Other new releases this weekend included a pair of rather high profile films care of The Weinstein Company and Overture, both of which found somewhat decent numbers. The Weinsteins' - marking the 70th anniversary of John Lennon's birth - debuted their "Nowhere Boy" on 4 screens. A biopic pic about Lennon's adolescence (starring Aaron Johnson as Lennon and Anne-Marie Duff and Kristin Scott Thomas as his mother and aunt), Sam Taylor-Wood's film grossed a respectable $56,100 from 4 screens, averaging $14,025. Meanwhile, Overture brought out John Curran's "Stone," the recent Toronto Film Festival debut starring Robert DeNiro and Edward Norton. On 6 screens, the film managed a $73,000 gross for a fair $12,167 average.

The weekend's other debuts included Julia Bacha's acclaimed doc "Budrus," which grossed $8,700 from 1 screen for Balcony Releasing; Anchor Bay's release of horror flick "I Spit on Your Grave," which grossed only $33,000 from 12 screens, averaging $2,750; Samuel Goldwyn Films' "GhettoPhysics: Will the Real Pimps and Hos Please Stand Up?," which took in just $10,200 from 9 screens for a $1,133 average; and "As Good as Dead," First Look's release of the Andie MacDowell-Cary Elwes starrer, which managed $2,100 from a sole screen.

As far as holdovers went, those aforementioned docs "Waiting For 'Superman'" and "Catfish" continued to show their strength, crossing the $1 million and $2 million marks, respectively.

"Superman" - Davis Guggenheim's acclaimed doc on the U.S. public school system - went from 34 to 103 screens this weekend and soared to a $635,000 gross, finding a spot in the overall top ten as it averaged a strong $6,165 per screen. The gross also helped take its total to $1,410,000 after 3 weeks, and suggested that its number should only grow exponentially by the time the Paramount Vantage-released "Superman"'s run is over.

Meanwhile, Henry Joost and Ariel Schulman's four-week old "Catfish," which debuted at Sundance earlier this year to considerable buzz and follows filmmaker Ariel Schulman's brother, Nev, who develops a relationship with an eight year old painter via Facebook leading to a bizarre series of events that suggests deception on the part of Abby's identity, went from 136 to 143 screens after last weekend's much more aggressive expansion. It took in $374,000, giving it a $2,615 average and a new total of $2,216,000.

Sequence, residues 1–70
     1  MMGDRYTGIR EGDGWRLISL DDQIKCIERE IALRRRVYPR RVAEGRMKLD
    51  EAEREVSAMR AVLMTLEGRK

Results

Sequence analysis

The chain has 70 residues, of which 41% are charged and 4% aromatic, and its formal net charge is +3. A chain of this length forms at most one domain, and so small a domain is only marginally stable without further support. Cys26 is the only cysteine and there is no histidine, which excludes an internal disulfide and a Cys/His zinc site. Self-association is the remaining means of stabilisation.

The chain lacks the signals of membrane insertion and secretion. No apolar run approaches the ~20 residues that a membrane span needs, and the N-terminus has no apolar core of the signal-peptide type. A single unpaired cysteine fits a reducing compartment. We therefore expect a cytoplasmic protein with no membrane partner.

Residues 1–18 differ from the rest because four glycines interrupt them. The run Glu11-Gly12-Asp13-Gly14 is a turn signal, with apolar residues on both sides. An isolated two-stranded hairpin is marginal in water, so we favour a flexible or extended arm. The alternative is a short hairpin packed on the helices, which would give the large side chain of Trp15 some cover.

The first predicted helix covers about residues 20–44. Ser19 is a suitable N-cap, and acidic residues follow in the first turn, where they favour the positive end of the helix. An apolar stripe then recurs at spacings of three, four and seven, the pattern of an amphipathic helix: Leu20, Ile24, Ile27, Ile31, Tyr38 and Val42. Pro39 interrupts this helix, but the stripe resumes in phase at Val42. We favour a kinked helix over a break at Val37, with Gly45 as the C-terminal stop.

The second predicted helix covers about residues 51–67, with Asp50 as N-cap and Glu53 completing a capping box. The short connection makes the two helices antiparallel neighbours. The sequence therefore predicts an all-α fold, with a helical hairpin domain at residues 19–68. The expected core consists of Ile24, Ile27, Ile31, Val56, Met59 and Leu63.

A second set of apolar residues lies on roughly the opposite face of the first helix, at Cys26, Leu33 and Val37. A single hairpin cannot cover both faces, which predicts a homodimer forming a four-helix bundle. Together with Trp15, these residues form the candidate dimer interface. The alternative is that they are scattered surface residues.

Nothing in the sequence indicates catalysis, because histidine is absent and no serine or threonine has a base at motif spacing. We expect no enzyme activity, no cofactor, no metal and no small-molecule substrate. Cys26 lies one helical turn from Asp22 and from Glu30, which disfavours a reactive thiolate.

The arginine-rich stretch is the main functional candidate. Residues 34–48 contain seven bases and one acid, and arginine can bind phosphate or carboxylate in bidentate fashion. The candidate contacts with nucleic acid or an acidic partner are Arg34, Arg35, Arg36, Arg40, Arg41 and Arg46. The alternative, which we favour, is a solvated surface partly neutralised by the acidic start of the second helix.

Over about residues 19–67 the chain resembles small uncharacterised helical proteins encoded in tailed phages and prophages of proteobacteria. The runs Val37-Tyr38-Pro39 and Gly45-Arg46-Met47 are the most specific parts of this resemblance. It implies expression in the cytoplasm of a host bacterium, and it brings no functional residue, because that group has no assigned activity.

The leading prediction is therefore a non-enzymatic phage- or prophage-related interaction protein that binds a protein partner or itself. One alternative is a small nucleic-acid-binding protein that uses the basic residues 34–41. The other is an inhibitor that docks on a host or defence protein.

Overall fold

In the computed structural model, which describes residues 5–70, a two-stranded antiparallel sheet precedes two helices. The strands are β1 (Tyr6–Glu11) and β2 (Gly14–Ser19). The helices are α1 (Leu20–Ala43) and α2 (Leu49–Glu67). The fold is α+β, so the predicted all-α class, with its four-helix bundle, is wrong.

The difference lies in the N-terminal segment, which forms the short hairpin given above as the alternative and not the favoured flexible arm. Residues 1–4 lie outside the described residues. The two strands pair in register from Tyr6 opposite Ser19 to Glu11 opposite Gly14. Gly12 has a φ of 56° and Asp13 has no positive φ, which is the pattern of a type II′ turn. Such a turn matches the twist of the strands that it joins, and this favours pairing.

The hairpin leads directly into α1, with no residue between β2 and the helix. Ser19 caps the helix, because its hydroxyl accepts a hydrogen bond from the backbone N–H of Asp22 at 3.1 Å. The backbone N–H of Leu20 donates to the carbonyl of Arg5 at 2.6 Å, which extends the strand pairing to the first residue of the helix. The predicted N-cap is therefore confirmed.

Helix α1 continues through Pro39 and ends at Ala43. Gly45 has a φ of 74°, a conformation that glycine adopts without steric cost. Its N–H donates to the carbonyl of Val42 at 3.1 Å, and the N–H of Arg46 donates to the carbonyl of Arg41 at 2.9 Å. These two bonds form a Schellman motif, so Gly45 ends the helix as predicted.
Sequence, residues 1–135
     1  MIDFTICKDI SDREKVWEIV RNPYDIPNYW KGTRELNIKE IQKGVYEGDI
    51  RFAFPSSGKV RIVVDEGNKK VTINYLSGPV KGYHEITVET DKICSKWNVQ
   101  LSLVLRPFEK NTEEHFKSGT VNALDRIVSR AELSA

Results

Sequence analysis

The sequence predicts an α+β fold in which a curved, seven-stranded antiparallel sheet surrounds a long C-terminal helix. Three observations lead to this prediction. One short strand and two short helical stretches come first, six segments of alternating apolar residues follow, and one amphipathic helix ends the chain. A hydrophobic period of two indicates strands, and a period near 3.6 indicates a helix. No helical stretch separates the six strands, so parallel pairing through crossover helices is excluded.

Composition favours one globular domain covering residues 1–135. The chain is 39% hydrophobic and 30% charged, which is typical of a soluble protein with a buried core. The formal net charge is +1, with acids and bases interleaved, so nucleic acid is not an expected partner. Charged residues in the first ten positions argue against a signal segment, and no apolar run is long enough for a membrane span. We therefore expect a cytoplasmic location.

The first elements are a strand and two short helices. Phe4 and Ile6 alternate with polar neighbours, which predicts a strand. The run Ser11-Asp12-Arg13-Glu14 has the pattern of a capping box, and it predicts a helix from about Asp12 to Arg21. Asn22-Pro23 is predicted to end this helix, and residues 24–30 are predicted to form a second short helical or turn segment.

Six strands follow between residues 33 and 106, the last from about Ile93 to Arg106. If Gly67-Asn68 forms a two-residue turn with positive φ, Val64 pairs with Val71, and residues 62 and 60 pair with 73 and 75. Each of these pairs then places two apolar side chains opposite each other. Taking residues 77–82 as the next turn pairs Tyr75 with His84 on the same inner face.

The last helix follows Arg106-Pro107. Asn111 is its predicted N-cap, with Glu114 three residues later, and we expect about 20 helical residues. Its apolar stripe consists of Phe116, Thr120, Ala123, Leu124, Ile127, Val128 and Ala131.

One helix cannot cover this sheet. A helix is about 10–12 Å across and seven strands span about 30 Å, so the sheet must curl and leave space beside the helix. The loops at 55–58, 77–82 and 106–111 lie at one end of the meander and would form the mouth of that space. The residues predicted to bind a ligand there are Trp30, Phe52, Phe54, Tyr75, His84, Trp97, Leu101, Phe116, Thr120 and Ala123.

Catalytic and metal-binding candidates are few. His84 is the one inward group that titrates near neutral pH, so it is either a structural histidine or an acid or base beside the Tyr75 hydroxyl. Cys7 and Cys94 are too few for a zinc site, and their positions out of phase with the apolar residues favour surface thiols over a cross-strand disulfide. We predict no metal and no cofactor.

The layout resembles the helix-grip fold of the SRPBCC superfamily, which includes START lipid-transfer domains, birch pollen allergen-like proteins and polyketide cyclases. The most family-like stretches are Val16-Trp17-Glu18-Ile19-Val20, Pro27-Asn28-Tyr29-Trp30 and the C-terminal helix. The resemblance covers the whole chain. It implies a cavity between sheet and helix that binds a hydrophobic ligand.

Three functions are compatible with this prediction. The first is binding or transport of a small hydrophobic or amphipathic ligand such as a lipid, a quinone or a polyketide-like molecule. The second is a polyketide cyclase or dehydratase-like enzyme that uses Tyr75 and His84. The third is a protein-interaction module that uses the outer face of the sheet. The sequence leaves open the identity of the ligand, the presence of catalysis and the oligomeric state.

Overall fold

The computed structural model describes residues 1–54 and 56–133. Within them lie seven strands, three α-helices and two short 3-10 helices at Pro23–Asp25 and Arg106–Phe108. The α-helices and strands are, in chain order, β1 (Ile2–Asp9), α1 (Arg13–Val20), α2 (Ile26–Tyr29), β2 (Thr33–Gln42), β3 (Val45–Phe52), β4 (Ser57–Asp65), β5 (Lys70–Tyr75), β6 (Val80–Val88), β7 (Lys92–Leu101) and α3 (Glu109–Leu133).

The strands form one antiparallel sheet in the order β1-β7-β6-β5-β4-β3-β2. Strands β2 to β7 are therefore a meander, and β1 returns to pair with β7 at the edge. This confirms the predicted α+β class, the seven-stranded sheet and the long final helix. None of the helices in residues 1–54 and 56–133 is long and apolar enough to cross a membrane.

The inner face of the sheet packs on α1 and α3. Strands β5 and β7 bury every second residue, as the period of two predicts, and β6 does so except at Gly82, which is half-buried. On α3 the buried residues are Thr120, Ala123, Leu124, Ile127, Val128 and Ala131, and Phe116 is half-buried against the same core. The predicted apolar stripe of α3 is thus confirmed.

Finally, holdover news beyond "Catfish" and "Superman" included a trio of three-week old releases. Woody Allen's "You Will Meet a Tall Dark Stranger," which went from 29 to 74 screens and jumped 31%. Taking in $282,000, London-set "Stranger," starring Naomi Watts, Anthony Hopkins, Josh Brolin, Antonio Banderas and Lucy Punch, averaged a respectable (though not spectacular) $3,811 and found a new total of $873,000. Rodrigo Cortés's "Buried," released through Lionsgate, went from 33 to 92 screens and saw a 105% rise in grosses, taking in $200,000 for a $2,174 average and a new total of $489,000. Rob Epstein and Jeffrey Friedman's "HOWL," meanwhile, went from 17 to 18 screens and found a 4% drop in grosses, taking in $51,200 for a $2,844 average and a total of $210,000

Peter Knegt is indieWIRE's Associate Editor. Follow him on Twitter and on his blog.

indieWIRE:BOT tracks independent/specialty releases compiled from Rentrak Theatrical, which collects studio reported data as well as box-office figures from North American theatre locations. To be included in the indieWIRE Box Office Chart, distributors must submit information about their films to Rentrak at studiogrosses@rentrak.com by the end of the day each Monday..

This article is related to: Nowhere Boy